[17] Helander, M.G., Lin, L., 2002, Axiomatc design in ergonomics and an extension of the information axiom, Journal of Engineering Design, 13(4), 321-339. [18] Guenov, M.D., Barker, S.G., 2005, Application of axiomatic design and design

structure matrix to the decomposition of engineering systems, Systems engineering, volume 8, no1, pp. 29-40.

[19] Thielman, J., Ge, P., 2006,, Applying axiomatic design theory to the evaluation and optimization of large-scale engineering systems, Journal of Engineering Design, 17 (1), 1-16.

[20] Durmusoglu, M., Kulak. O., 2008, A methodology for the design of office cells using axiomatic design principles. Omega, 36, 633 – 652.

[21] Yenisey, M.M., 2007, Axiomatic Design Approach for E-Commercial Web Sites, Lecture Notes in Computer Science, 4550, 308-315.

[22] Hou, L., Han, D., Wen, Z., Chen, F., 2007, Integrated Management System for Product Collaborative Development Chain, IEEE International Conference on Control and Automation, May 30-June 1, Guangzhou, China

[23] Walters, H.R., 2004. Structuring professional cooperation. Information and Software Technology, 46, 415–421.

[24] Nakakoji, K. Yamada, K. Giaccardi, E., 2005. Understanding the nature of collaboration in open-source software development. Software Engineering Conference APSEC '05. 15-17 Dec. 2005, Taipei, Taiwan.

[25] O'Neill, D., 1998. Software Maintenance and Global Competitiveness. Journal of Software Maintenance: Research and Practice, 9 (6), 379 – 399.

[26] Chin, K.-C., Chan, B.-L., Lam, P.-K., 2008, Identifying and prioritizing critical success factors for coopetition strategy, Industrial Management & Data Systems, Volume 108, No. 4, 437-454.

[27] Hacklin, F., Marxt, C., Fahrni, F., 2006, Strategic venture partner selection for collaborative innovation in production systems: A decision support system-based approach, International Journal of Production Economics, 104, 100–112. [28] Yoshimura, M., Izui, K., Kida, S., 2005, Decision Support System for Selecting

Collaborative Product Development Partners, Concurrent Engineering, Volume 13 (1), 5-11.

[29] Madhok, A., Mellewigt, T., Weibel, A., 2004. Trust and Formal Contracts in Interorganizational Relationships- Substitutes and Complements. Available at SSRN: http://ssrn.com/abstract=611161.

[30] Cockburn, A., 2002. Agile Software Development. Addison-Wesley. [31] Fagerstrom, B., Jackson, M., 2002. Efficient collaboration between main and

sub-suppliers. Computers in Industry, 49, 25–35.

[32] Bstieler, L., 2006, Trust Formation in Collaborative New Product Development, Journal of Product Innovation Management, Volume 23, 56-72.

[33] Chen, Y.-J., Chen, Y.M., Chu, H.C., 2008. Enabling collaborative product design through distributed engineering knowledge management. Computers in Industry, 59, 395–409.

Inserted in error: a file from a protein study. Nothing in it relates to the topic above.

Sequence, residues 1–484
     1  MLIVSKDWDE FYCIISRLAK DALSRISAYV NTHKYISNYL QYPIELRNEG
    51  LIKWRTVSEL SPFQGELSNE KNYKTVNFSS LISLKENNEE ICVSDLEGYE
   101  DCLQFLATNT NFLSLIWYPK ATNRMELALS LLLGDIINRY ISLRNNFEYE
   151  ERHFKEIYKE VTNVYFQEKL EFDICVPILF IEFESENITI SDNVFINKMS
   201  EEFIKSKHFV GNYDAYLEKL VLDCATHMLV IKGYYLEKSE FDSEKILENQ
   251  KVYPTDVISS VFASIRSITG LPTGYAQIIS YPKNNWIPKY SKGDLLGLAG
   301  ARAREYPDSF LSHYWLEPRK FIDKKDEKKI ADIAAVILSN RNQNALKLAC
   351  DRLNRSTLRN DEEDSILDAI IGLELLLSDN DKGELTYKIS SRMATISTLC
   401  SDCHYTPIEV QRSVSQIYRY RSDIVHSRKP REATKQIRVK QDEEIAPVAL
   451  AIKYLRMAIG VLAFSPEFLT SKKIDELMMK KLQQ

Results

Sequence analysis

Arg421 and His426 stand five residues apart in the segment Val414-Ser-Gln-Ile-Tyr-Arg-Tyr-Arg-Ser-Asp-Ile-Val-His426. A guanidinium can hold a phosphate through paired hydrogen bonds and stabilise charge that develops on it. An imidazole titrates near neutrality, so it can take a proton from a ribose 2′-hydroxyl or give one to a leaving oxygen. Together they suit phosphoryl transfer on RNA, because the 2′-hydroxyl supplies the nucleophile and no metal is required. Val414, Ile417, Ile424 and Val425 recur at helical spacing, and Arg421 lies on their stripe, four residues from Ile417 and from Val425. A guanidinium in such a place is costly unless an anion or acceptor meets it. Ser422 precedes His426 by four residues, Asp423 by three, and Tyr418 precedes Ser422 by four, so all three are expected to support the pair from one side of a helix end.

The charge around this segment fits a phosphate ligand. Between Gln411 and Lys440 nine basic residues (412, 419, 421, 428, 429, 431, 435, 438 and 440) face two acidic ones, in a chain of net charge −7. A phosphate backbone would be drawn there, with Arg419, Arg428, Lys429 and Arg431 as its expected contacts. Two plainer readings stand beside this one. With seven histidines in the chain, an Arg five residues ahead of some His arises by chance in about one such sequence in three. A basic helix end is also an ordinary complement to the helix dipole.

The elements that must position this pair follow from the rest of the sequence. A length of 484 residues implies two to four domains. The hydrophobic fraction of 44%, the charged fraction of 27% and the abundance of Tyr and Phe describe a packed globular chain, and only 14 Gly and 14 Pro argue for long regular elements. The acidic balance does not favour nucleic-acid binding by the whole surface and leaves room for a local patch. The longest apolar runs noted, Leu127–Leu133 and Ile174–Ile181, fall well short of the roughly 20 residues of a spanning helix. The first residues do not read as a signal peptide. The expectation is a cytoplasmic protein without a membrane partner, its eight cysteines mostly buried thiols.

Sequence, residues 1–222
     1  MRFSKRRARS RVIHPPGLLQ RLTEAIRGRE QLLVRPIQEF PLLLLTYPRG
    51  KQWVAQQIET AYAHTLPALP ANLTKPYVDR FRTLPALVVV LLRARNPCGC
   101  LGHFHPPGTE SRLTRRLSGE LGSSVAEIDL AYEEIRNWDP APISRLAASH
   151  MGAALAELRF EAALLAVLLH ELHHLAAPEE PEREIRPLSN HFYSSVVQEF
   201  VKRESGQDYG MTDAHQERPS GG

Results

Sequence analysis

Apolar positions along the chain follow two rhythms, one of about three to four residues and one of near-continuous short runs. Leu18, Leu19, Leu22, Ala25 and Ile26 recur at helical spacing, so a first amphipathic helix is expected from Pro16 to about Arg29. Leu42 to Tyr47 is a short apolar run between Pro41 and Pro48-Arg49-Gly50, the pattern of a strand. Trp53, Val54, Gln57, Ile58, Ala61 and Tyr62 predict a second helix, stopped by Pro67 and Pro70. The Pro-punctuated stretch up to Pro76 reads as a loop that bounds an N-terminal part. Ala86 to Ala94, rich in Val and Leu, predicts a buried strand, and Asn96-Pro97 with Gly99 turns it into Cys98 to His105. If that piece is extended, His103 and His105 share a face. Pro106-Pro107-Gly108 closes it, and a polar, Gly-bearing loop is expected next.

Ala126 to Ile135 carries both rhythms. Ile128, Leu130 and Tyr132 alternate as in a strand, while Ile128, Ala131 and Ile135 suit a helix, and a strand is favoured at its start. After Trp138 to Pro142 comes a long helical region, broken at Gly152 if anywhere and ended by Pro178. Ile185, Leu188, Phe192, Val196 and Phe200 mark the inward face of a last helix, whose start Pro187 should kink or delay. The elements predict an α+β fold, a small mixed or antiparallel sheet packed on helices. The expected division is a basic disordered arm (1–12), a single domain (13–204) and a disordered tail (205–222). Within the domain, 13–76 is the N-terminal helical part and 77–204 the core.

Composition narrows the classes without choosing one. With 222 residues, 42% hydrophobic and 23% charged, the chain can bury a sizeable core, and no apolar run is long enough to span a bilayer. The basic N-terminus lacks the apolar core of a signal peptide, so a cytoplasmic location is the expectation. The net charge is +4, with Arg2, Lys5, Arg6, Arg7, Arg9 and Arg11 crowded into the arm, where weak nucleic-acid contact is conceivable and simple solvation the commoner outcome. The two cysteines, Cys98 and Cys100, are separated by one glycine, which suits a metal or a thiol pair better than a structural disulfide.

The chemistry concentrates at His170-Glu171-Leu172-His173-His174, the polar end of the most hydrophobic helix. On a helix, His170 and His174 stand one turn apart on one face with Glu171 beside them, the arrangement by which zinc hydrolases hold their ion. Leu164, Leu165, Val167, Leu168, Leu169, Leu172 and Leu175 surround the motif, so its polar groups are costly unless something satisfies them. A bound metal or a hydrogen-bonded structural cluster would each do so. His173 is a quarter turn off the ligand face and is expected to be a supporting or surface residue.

[34] Martínez-Sánchez, A., Vela-Jiménez, M.-J., Pérez-Pérez, M., de-Luis-Carnicer, P., 2008, Workplace flexibility and innovation: The moderator effect of inter-organizational cooperation, Personnel Review, Volume 37, No. 6, 647– 665 [35] Juran, J.M., 1998. Quality in Software Development. McGraw-Hill Professional ,

page 20.8-20.12.

[36] Nuseibeh, B., Easterbrook, S., 2000. Requirements engineering: a roadmap. ICSE '00: Proceedings of the Conference on The Future of Software Engineering; ACM Press: New York, NY, USA,.35-46.

[37] Reeves, J.W., 1992. What is Software Design?. C++ Journal.

[38] Kaner, C.; Falk, J., Nguyen, H.Q., 1999. Testing Computer Software, 2nd Ed.. New York, John Wiley and Sons, Inc.

[39] Hunt, B., Turner, B., McRitchie, K., 2008. Software Maintenance Implications on Cost and Schedule. Aerospace Conference, IEEE, 1-8 March, 1-6.

Figure

Figure 2. Uncoupled design
Figure 5 displays the proposed three-level AD based CSD  model including mapping between functional and physical  domains, as well as FR-DP zigzagging

References

Related documents

Although the di ↵ erences at parton level suggest that ⇤ is a good variable to distinguish MC simulations, comparisons at particle and reconstruction level are more important as

We simultaneously eval- uated both the main and interactive effects of plant neighbors and insect herbivory on rosette growth and seed reproduction in the year of flowering

All the figures and tables should be labeled (Times New Roman 11) and included in list of figures and list of tables respectively.

[r]

I wish to explore this issue in the contest of administrative proceedings before a Canadian provincial securities commission (the example I will use is the British Columbia Securities

The somatization pattern for the men in this study differed from the pattern for women. For men, veterans demonstrated higher somatization scores than active duty for those

Based on the results obtained, we can conclude that the traffic shape for the Gnutella protocol is self-similar in the area of lower m for all message types.. Indeed, the

As an example, an experimental VLC transmitter based on a two-phase buck converter with a fourth-order output filter will demonstrate that a bandwidth of several hundred kilohertz